I want to grow lots of hostas. I think they are beautiful and very collectable – they appeal to the philatelic side of my nature. From a few centimetres high to a metre or more and with plenty of variation in leaf colour as well as nice flowers, they have lots to offer. The elephant in the room is damage by slugs and snails, of course, but these can be prevented.
Most of mine were bought 18 months ago and potted. They had to spend the year in their hastily provided accommodation as I tardily got their home ready. This spring, having improved the rather heavy, compacted soil with vast amounts of organic matter, they finally got planted. The area should be rather shady in time but until the hazels and azaleas get their act in gear they are rather exposed and I don’t expect them to look their best this year. A few hostas have gone into other areas of the garden but the 80 or so I have now are together partly to show their variations and also to look after them while they are small. Many hostas do not reveal their true colour, metaphorically or literally, until they have settled in for a couple of years.
‘Whee’ with curvy, wiggly variegated leaves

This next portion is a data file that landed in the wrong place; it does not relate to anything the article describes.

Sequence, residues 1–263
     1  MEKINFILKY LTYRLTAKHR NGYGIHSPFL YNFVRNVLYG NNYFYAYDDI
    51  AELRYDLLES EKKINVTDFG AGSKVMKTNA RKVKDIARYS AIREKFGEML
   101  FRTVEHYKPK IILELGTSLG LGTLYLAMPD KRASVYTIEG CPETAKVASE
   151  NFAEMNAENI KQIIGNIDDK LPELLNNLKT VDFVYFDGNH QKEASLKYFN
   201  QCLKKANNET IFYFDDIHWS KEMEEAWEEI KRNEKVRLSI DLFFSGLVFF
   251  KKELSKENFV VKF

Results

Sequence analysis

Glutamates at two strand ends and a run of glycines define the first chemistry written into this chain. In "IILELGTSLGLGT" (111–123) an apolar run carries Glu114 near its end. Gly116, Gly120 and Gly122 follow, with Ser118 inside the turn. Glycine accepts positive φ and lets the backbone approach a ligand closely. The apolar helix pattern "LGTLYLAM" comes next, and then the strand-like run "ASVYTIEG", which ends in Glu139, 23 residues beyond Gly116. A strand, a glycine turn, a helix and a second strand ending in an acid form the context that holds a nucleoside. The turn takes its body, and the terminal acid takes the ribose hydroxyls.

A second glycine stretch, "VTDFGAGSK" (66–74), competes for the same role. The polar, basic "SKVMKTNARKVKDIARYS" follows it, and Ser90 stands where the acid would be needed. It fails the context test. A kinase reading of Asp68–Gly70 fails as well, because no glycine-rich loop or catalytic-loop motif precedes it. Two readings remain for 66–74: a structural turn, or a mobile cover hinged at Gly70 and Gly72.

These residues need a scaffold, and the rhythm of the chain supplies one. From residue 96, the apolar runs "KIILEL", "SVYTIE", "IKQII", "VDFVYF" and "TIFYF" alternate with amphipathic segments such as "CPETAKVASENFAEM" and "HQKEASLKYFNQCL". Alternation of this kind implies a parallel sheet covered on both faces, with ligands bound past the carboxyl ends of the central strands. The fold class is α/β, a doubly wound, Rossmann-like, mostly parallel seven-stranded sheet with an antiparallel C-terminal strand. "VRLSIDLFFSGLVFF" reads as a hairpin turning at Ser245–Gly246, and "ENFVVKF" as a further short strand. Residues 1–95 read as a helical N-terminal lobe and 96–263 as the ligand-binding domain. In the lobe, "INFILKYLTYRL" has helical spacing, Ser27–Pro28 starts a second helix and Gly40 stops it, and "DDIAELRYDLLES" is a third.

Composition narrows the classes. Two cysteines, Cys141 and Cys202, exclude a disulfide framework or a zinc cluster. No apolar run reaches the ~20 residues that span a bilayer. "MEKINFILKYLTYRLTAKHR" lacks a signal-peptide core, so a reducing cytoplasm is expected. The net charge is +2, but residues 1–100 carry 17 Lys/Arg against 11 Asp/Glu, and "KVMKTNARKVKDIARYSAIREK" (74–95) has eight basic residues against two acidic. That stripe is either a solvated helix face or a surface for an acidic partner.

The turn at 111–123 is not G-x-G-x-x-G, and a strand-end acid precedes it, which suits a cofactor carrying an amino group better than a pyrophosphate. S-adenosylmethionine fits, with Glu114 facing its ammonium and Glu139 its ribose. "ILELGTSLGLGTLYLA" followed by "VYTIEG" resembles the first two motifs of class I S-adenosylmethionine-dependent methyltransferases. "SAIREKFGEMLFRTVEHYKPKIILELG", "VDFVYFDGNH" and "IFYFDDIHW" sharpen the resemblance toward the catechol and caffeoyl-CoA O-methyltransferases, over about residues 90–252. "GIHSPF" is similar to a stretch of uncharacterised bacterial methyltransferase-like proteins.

‘Laterna Magica’, a small hosta with bright yellow leaves
‘Chain Lightening’ with the colour pattern I particularly like; yellow centre and blue/green edges
‘Fool’s Gold’ which emerged early and has already made a decent clump
‘Pizzazz’ which has a thin white edge so far but shows the lines and spirals that are part of the attraction of hostas in spring
‘Harrry Van De Laar’ seems a good grower and is one of the popular and desirable hostas with red colouring, described widely as ‘red legs’
It is too early to say but ‘First Blush’ is showing potential as a distinctive red-leaved hosta. It was only planted a month ago. I am watching over it carefully.
I'm Leah, a freelance Photographer born and raised in Macon, GA, USA. I spent 8 years in the wild west and this is my photo journal on life, love, and the spirit of Wyoming. Welcome to Uprooted Magnolia.
Tempted by the last two! We have a pair of “matched” beds, one black, one white. While the white bed has a Hosta with a white edging, (don’t remember the name!) I’ve drawn a blank finding a “black” Hosta. Could fit the bill!
I will report on how well it does but I don’t think it will ever be black!
Well, there’s a lot of artistic licence used!
Goodness, you are into serious collection! Great plants for the garden.
I meant to add that slug and snail damage to hostas is not a major problem here. I don’t take any steps to stop slugs and snails and am not too bothered by them.
I am being careful to look after them while they are small but I am tending to chose any that are supposedly resistant to slugs. But it is a tough year for the little devils this year I suspect, being so dry. I am going to have to water again today – seems very strange after waking up to frost!